As the largest employer in the UK and one of the most comprehensive public health systems globally, the National Health Service (NHS) has always had unique challenges in workforce recruitment and retention. These challenges exist across every department, but in 2023, amidst the myriad of headlines concerning the NHS’s workforce issues, it appears they are particularly prominent within its IT departments.
In this short piece we’ll explore how Managed Service Providers (MSPs) can play a significant role in alleviating these pressures and enabling a more productive workforce, especially when it comes to delivering specific, valuable skill sets.
As an individual, the motivation to join the NHS is often driven by a desire to make a significant difference and contribute to an organisation focused on delivering the best possible service to its patients. After all, we are all customers of the NHS. However, the complex nature of the organisation calls for concerted efforts towards fostering a culture where everyone, regardless of department or role, feels connected, engaged, and capable of making a difference. The NHS Long Term Workforce Plan (LTWP) underscores the importance of breaking down barriers and promoting a more integrated, holistic approach.
But the question arises: amidst the rising workloads and mounting pressures, how often do IT teams in the NHS get a chance to engage with their clinical colleagues about more than just a malfunctioning laptop or slow log-on times? How often do clinical teams have meaningful conversations about the state of IT and how it could be bettered to improve patient healthcare and outcomes – and without the frustration of slow applications or system glitches getting in the way?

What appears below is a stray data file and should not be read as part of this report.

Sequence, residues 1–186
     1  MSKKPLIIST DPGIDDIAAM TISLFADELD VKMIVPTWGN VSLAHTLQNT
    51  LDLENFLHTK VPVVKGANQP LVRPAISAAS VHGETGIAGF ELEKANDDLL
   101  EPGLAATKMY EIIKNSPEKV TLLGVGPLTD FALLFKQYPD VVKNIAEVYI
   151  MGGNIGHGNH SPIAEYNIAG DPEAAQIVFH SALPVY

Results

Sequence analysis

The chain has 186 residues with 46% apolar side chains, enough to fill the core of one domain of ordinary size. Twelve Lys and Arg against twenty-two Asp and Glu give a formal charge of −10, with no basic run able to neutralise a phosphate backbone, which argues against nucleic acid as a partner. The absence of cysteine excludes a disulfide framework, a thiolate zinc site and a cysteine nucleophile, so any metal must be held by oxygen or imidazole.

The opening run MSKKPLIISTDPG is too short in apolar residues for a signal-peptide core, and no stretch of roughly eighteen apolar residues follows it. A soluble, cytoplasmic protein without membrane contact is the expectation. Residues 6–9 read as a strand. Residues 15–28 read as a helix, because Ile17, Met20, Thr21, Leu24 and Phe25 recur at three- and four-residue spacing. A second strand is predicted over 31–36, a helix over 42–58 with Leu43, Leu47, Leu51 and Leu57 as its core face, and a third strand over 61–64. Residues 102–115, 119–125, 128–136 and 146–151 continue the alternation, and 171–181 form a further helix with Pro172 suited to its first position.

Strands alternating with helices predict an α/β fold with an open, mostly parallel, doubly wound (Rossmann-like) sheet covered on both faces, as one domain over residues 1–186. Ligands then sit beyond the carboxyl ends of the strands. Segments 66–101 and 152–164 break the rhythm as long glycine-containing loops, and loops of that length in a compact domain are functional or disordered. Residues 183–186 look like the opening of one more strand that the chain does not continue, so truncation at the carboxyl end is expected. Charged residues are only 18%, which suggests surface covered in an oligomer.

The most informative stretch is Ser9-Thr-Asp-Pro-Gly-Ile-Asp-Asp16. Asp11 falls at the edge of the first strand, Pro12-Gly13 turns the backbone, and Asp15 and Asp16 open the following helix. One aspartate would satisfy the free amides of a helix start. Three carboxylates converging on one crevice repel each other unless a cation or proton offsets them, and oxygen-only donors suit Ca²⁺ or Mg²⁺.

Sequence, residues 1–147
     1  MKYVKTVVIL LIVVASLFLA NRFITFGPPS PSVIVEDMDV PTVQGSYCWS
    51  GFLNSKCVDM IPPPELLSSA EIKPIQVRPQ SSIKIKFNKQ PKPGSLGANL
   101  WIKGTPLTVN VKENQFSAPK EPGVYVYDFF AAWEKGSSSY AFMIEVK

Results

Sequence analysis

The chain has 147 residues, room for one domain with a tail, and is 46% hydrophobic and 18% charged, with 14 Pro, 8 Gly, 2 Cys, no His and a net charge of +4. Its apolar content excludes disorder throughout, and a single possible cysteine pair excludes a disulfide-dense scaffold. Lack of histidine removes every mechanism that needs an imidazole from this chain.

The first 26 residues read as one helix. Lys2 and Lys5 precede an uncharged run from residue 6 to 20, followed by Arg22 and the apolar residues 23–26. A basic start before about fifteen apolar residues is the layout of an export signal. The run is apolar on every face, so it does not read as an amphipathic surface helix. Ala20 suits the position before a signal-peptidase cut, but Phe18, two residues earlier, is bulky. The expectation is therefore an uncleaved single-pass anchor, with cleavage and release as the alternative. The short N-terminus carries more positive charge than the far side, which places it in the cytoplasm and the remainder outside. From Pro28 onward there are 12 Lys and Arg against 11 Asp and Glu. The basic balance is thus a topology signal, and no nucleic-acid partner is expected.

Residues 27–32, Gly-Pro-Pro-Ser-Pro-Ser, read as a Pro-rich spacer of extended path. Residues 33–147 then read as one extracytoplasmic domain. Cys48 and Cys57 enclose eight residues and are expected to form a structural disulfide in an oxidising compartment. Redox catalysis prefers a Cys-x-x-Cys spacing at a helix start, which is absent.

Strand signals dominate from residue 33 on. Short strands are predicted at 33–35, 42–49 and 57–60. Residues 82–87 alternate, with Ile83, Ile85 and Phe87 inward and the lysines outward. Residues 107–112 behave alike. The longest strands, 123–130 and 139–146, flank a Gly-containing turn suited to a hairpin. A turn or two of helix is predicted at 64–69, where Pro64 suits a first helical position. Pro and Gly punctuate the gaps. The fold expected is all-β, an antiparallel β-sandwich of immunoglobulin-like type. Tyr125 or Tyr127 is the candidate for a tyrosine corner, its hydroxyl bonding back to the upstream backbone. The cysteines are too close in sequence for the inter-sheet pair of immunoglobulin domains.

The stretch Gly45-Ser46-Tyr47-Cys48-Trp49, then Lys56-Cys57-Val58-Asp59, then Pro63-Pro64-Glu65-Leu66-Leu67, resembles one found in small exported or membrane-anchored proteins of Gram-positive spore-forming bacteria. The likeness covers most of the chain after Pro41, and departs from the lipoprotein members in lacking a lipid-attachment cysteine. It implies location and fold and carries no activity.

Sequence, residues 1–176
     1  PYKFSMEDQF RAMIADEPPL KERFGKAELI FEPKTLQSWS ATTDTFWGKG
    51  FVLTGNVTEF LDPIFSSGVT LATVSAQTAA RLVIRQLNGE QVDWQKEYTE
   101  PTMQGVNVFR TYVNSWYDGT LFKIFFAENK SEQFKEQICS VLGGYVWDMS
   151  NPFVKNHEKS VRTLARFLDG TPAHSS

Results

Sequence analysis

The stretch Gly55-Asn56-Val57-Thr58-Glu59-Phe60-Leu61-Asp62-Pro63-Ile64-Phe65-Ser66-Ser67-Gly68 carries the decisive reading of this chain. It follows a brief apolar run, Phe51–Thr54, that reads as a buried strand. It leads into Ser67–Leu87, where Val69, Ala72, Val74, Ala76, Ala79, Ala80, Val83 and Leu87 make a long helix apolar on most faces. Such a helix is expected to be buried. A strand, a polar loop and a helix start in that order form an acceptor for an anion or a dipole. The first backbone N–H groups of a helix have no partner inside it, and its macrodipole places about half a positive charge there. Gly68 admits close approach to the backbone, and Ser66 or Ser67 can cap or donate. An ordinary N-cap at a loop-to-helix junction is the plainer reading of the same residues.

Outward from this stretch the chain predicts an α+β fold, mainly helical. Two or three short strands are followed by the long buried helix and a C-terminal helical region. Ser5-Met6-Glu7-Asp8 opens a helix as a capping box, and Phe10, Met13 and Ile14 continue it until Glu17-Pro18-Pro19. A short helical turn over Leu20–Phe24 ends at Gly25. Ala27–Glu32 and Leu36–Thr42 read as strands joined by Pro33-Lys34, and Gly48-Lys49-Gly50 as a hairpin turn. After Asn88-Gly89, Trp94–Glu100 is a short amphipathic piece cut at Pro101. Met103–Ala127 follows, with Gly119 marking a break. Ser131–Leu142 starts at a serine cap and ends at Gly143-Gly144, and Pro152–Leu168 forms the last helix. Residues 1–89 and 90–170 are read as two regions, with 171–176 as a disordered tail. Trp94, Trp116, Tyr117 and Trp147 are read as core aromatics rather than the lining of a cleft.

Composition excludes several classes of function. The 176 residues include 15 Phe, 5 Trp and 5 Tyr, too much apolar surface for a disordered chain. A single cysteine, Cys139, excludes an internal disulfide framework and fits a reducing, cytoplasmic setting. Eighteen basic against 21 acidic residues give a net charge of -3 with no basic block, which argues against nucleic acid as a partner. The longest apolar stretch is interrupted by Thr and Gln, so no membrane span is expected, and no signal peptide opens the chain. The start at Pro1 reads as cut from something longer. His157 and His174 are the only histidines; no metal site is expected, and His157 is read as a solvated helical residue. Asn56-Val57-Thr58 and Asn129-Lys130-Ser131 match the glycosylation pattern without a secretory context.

We must reinforce our values and ensure that teamwork trumps autonomy.
This lack of cross-departmental engagement hinders the ability of teams to work together effectively. As Sir David Dalton, CEO at Salford Royal aptly noted, “teamwork trumps autonomy”. This is where Managed Service Providers (MSPs) can play a crucial role.
MSPs, by their very nature, assume responsibility for specific IT services, allowing NHS IT teams to free up resources and focus on strategic initiatives, like enhancing the end-user experience for clinical staff and patients. With access to proven tooling, processes, and a dedicated team of IT professionals, MSPs can help the NHS maintain high service levels while keeping up with the rapid pace of technological change. This could be for a prolonged period of time (typically on an outsource agreement) or could be a short-term, project-based piece of work.
In this new MSP-led model, the NHS IT teams have the ability to focus on fostering relationships with clinical colleagues, understanding their needs, experiences and challenges, and collaborate on solutions that truly make a difference. In turn, clinical staff can concentrate on delivering excellent patient care without the nagging worries about IT issues.
These hugely valuable conversations need to additionally extend into data hosting and security, as the NHS will always be a target for malicious digital criminals. The conversation between IT and the huge number of departments across a Trust simply must cover cyber security prevention, detection and remediation – this is a prime area where an experienced, proven and regulated MSP can add day-one value!
For the NHS to fully realise its ambition of digitally enabled care, the approach towards IT management must evolve. It’s about more than just maintaining systems; it’s about ensuring that these systems support and enhance the critical work done by every member of the NHS team. It’s about empowering a productive workforce by fostering a culture of collaboration and support.
Why not start with a simple step? Why not grab two cups of coffee – one for a chat with Quadris about managed services, and another to sit down with a colleague from another department? The future of the NHS depends on teamwork and collaborative solutions – let’s start building them together.
About the author
Chris is hugely experienced in healthcare IT systems, having spent the last twenty years working with the NHS in senior roles with Intel, GE, CliniSys and Dell Technologies. As the NHS lead at Quadris, Chris is helping drive the conversation around driving technical change, securing systems and moving to the cloud. You can reach Chris by emailing firstname.lastname@example.org.